Cryptocurrency exchange Gemini has voiced strong objections to a bankruptcy recovery plan associated with its lending program partner, Genesis.
In a recent court filing, Gemini criticized the proposed deal as “misleading at best.”
Earlier this week, Genesis and its parent company, Digital Currency Group (DCG), had announced a plan that could potentially compensate over 230,000 retail creditors who had participated in Gemini’s Earn program. However, Gemini contends that the proposed compensation falls significantly short of the actual value owed to Gemini Earn users.
Gemini’s lawyers argued that DCG’s touted recovery rates are deceptive and fail to represent the true value of the owed funds. “DCG touts proposed recovery rates that are a total mirage – misleading at best and deceptive at worst,” the lawyers said in the filing.
“Make no mistake: Gemini Lenders will not actually receive anything close in real value terms to the proposed recovery rates under the current ‘agreement in principle.’”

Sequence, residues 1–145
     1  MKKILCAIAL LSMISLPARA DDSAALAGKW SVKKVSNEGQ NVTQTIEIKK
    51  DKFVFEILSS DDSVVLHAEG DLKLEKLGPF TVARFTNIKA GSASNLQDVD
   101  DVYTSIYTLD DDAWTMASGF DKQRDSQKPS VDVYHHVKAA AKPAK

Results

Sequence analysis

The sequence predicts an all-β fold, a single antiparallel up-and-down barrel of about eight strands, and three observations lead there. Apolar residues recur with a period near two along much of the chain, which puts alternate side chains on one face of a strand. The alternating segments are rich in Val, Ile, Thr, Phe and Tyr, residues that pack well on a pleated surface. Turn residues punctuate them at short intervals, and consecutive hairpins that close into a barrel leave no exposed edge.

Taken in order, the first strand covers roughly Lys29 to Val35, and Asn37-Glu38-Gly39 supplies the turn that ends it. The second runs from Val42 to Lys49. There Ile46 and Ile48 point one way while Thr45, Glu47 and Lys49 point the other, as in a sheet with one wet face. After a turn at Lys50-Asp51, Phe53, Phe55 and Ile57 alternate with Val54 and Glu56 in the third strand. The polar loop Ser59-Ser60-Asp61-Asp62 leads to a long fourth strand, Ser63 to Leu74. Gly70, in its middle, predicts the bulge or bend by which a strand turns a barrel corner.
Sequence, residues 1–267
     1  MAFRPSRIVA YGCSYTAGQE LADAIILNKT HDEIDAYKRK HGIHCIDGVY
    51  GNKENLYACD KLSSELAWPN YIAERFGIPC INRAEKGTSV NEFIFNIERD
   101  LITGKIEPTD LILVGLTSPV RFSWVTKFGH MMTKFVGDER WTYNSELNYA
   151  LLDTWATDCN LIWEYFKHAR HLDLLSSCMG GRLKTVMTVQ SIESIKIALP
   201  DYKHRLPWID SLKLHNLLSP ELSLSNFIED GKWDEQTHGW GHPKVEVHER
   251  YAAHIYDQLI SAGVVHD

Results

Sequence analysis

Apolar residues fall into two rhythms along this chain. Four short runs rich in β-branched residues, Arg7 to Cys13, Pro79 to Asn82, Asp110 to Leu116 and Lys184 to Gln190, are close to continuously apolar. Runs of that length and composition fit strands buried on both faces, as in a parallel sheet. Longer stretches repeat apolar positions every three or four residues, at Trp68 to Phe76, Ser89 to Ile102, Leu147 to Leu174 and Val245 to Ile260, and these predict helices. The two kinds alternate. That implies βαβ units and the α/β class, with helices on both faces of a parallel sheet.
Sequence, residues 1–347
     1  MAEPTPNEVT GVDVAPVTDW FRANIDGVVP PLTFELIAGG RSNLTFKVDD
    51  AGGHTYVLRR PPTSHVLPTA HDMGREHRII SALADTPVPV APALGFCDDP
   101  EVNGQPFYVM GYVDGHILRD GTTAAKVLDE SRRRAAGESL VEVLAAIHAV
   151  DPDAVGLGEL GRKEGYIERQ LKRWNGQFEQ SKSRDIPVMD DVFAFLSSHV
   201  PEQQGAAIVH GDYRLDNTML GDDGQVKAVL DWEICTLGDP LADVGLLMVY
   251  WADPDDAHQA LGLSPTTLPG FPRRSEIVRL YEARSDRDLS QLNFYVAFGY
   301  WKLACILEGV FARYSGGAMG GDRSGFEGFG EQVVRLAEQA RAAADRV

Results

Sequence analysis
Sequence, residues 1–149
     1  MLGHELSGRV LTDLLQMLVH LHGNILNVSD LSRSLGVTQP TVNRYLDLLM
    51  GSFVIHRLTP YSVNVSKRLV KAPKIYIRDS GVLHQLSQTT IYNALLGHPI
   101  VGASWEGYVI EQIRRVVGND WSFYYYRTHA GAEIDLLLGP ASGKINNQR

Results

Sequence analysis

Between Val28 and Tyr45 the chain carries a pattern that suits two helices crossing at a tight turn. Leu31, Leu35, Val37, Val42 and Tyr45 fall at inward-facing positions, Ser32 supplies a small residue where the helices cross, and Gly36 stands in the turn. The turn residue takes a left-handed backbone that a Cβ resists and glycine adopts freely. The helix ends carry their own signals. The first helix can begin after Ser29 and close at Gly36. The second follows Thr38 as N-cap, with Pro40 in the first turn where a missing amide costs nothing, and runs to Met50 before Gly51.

DCG owes more than $1.65 billion to Genesis, which, in turn, owes approximately $1.2 billion to Gemini. Genesis has substantial debts amounting to over $3 billion with its top 50 creditors.
Under DCG’s proposed repayment plan, the owed funds would be disbursed in two installments over a seven-year period, with the promise of ultimately making Gemini Earn users “nearly whole.”
However, Gemini’s legal team challenged this claim, asserting that DCG’s proposal would involve inadequate below-market loans, providing only a fraction of the interest and principal payments over seven years. They emphasized that this approach is far from equivalent to receiving the actual cash and digital assets owed by Genesis to the Gemini Lenders immediately.
Furthermore, Gemini’s lawyers expressed broader concerns about DCG’s tactics, accusing them of trying to “wear down” Genesis’ creditors in the hopes that they would accept substantial losses to expedite the resolution.
The dispute between Gemini and DCG over Genesis’ debts has been ongoing for months, culminating in a lawsuit filed by Gemini against DCG and its CEO in July, following DCG’s failure to meet a deadline for restructuring its troubled lending unit.